In Northwest China’s Gobi Desert, autumn tints the landscape a flaming scarlet. The fields of red aren’t deciduous leaves blushing with the season. They’re chili peppers, spread out to dry under the hot desert sun following the late-summer harvest. Each September and October, farmers across the Xinjiang Uyghur Autonomous Region, which produces a fifth of China’s world-leading pepper harvest, let the harsh sun and 100-plus degree temperatures do the work that most American producers leave to industrial dehydrators.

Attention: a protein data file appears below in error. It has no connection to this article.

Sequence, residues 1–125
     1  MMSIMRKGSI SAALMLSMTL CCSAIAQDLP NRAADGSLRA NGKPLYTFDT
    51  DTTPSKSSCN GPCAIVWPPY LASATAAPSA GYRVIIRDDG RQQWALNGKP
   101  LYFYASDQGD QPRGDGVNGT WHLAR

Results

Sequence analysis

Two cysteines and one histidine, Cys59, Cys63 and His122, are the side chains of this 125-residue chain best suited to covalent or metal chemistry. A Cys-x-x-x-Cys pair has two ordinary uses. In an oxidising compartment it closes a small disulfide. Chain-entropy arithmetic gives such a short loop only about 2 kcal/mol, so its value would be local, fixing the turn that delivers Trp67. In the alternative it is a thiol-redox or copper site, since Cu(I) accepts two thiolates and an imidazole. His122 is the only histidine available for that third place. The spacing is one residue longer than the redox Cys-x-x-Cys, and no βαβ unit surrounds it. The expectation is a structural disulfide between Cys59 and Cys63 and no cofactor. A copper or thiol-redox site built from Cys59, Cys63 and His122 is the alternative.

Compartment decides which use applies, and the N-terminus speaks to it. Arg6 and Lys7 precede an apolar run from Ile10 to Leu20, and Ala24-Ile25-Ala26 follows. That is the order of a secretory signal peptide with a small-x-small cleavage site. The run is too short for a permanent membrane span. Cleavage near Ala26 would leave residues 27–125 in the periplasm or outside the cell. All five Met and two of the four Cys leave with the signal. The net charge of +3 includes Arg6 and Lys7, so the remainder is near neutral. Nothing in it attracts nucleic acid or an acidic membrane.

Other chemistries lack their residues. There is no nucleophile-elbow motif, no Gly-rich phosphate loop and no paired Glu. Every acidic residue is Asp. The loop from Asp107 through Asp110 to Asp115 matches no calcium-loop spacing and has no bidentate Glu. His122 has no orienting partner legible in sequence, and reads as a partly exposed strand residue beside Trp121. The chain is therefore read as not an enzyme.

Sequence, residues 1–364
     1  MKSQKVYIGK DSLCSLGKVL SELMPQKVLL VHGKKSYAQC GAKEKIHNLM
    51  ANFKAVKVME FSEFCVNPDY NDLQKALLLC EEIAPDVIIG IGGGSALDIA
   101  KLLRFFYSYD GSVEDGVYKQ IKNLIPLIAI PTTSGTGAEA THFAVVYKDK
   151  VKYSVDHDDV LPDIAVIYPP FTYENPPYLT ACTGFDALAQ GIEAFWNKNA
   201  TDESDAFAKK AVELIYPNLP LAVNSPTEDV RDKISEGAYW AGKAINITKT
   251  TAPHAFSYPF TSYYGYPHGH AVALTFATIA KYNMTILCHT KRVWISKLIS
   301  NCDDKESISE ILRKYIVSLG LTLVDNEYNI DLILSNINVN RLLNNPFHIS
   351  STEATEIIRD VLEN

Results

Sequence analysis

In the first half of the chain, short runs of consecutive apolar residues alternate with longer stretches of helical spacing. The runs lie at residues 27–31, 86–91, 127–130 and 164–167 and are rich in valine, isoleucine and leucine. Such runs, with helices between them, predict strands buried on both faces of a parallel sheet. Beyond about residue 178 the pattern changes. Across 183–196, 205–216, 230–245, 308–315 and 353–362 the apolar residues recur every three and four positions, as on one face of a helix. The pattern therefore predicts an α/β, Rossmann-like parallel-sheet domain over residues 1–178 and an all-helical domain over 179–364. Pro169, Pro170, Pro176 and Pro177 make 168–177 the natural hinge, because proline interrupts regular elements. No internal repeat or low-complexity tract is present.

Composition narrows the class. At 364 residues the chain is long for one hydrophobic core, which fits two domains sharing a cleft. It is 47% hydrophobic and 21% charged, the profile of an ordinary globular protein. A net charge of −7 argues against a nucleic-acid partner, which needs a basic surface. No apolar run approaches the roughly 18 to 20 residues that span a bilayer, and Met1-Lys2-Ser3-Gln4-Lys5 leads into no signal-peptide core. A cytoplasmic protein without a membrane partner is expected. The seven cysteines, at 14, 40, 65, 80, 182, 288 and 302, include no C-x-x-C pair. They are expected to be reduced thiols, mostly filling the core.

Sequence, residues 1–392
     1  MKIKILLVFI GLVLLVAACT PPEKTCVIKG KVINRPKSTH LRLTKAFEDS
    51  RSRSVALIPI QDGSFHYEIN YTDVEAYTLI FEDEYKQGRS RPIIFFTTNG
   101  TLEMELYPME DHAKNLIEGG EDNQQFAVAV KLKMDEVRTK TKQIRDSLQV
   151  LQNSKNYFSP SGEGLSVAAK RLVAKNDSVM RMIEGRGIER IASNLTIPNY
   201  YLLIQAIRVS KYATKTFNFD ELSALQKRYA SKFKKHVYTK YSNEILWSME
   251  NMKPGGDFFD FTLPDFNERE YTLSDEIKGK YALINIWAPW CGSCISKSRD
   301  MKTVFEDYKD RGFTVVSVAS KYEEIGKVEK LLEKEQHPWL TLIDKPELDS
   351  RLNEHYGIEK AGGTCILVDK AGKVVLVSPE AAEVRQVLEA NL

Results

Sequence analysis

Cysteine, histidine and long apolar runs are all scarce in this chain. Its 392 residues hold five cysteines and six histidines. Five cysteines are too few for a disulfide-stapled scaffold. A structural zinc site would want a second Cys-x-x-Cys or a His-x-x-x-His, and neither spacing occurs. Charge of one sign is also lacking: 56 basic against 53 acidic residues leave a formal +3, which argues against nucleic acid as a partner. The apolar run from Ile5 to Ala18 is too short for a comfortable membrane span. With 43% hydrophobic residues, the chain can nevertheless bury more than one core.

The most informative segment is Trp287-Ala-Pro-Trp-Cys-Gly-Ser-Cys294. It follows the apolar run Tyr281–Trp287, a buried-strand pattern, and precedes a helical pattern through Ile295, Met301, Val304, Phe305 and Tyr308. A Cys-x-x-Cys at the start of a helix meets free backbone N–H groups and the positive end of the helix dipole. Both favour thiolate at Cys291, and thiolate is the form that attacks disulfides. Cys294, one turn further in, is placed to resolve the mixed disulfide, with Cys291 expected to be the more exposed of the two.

The result is a red sea of chilies stretching to the horizon. From the ground, the mounds of glossy, fat peppers look like tempting seasoning for a future dinner. From above, the two hundred-plus ton harvest transforms the landscape, staining the khaki-colored desert like blood cells under a microscope.